Monastic Education

Approximately 200 monks from Tibet, Mongolia, Nepal and Ladakh, India, live at the Drikung Kagyu Jangchubling Monastery. The young monks undergo monastic education. Activities for these monks start at 5:00 AM. From 6:00 to 7:00 AM they attend the Morning Prayer Session with the younger monks from the Jangchubling Junior School.

They have classes from 8.30 AM to 5:00 PM with a lunch breake from 12:00 noon to 2:00 PM. The subjects they study are Buddhist teachings, chanting, gur (religious songs), rituals, religious music instruments, torma making (offerings), sand mandalas and building of chörten (stupas).

From 5:00 to 6:00 PM they have time for recreation. Most of the monks like to play cricket and football. They enjoy their sports and many of the monks watch and cheer the teams.

Dinner is served at 6:00 PM and there are also fifteen minute tea breaks in the mornings and afternoons.

The Evening Prayers for all of the monks at the main temple of Jangchubling Monastery follow from 6:30 to 7:30 PM. 7:30 to 9:00 PM is their study period and 10.00 PM the lights are turned out for a good night’s sleep.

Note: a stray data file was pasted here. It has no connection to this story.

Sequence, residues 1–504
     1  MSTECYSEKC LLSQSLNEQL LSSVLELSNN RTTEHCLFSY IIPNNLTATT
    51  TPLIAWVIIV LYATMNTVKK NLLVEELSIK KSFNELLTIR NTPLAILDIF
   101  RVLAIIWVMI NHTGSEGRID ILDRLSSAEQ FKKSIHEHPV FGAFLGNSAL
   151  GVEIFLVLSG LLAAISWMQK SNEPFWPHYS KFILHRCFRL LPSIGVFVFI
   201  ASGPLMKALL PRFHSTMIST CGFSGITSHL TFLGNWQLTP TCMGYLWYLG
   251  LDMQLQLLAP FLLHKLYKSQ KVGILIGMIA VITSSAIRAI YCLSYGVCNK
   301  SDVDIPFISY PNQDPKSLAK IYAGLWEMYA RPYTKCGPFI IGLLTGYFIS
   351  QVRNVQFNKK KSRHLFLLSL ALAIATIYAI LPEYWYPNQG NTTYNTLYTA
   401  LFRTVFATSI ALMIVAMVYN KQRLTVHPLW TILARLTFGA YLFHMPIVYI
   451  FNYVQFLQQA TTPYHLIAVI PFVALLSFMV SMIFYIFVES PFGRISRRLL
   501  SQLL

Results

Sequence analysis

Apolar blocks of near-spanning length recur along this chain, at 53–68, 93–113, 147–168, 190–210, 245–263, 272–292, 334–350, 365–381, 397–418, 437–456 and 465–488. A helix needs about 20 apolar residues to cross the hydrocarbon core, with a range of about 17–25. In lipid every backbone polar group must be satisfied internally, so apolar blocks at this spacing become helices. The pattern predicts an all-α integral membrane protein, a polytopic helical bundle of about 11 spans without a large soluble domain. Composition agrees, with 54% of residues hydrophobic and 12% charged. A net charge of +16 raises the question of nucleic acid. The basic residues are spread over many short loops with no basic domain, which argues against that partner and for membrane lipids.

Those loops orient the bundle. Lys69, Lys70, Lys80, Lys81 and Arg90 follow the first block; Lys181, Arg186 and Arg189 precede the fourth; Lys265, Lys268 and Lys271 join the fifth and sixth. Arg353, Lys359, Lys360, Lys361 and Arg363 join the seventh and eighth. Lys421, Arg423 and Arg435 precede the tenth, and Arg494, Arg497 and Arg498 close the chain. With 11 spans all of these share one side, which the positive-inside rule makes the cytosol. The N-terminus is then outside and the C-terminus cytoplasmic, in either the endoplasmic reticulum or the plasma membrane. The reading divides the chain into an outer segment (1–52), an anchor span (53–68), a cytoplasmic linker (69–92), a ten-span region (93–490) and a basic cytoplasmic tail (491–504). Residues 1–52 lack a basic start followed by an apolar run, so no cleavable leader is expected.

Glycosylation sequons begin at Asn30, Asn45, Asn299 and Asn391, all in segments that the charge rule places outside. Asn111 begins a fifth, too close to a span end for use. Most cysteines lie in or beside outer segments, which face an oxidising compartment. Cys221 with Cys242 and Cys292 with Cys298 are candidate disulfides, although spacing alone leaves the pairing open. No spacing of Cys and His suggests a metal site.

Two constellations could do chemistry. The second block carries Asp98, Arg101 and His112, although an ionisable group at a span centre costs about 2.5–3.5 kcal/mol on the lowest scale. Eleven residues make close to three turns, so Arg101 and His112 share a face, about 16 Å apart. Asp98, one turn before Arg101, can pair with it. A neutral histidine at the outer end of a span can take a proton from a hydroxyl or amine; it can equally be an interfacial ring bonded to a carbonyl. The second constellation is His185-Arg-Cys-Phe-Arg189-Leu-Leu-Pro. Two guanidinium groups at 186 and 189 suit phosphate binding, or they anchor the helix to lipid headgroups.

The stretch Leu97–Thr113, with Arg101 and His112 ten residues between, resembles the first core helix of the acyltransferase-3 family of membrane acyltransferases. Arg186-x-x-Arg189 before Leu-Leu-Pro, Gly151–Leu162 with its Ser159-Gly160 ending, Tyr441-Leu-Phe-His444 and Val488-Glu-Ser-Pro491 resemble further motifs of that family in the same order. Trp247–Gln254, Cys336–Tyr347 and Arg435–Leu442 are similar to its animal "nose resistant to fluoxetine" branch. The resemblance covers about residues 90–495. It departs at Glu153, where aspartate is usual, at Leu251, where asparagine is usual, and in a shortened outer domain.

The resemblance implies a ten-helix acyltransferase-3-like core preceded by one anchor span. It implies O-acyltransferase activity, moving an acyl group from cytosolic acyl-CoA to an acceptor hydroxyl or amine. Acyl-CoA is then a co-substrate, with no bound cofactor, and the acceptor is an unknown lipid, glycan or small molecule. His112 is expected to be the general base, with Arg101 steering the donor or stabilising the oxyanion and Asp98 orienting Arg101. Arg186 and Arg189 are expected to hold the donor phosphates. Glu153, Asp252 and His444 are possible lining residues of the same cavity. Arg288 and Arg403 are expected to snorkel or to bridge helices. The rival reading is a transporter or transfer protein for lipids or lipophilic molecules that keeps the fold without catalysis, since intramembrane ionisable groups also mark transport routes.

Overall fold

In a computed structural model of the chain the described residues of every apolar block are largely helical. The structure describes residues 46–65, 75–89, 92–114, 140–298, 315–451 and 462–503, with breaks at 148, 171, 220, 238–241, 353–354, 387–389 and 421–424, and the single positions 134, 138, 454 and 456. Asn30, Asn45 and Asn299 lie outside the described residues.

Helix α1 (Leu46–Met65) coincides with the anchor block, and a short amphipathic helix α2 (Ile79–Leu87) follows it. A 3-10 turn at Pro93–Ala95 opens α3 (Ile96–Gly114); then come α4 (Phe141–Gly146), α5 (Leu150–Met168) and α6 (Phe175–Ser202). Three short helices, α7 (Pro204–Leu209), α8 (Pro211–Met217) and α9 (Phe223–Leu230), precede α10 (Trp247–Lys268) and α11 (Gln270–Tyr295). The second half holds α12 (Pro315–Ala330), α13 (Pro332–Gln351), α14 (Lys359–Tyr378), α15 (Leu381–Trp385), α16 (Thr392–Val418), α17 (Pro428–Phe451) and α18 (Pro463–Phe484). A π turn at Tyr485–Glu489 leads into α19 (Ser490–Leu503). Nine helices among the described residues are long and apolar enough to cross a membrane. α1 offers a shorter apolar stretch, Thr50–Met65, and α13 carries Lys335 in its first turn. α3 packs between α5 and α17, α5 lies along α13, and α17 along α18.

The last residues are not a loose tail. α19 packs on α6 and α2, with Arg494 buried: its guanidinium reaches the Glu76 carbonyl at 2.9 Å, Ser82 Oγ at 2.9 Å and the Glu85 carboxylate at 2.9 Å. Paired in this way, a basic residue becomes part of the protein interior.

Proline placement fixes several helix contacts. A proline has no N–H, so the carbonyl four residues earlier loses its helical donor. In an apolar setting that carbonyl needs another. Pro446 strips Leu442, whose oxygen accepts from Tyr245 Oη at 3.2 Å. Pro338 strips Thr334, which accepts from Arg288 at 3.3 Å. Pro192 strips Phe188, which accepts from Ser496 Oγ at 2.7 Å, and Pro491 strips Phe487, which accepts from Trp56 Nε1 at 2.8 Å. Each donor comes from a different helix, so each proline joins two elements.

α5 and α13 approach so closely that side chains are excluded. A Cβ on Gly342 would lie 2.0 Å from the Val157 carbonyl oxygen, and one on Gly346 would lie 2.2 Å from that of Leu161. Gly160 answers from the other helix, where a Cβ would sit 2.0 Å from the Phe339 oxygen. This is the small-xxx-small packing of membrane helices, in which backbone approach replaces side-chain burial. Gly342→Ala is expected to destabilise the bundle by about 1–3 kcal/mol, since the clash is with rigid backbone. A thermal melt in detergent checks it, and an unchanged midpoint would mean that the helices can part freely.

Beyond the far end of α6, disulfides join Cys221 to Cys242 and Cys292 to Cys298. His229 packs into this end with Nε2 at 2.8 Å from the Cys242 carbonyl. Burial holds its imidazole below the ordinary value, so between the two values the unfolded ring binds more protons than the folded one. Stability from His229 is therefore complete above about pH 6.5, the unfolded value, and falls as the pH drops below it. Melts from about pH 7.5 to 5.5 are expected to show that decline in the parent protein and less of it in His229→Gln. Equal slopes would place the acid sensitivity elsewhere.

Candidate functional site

Sunday mornings there is class and the afternoons are set aside for cleaning inside and outside of the monastery. On Mondays it is a holiday and the older monks go to town or to Sahastradhara to bathe in the river or to wash their blankets in summer.

There is a longer summer holiday for two months and most of the monks who have relatives or homes elsewhere take leave to join their family and friends. Generally about 50 to 60 monks remain at Jangchubling.

In November H. H. Kyabgön Chetsang Rinpoche gives Teachings that last for several days. This teaching is called the Annual Winter Teachings, a teaching held in Tibet in the past. The monks of Jangchubling participate together with the students of Kagyu College, the nuns of Samtenling and many outside participants. Occasionally the Senior Abbot of the Drikung Kagyu, Khenchen Konchog Gyaltsen and Senior Teachers give teachings to all the monks and nuns as well as lay persons at Jangchubling.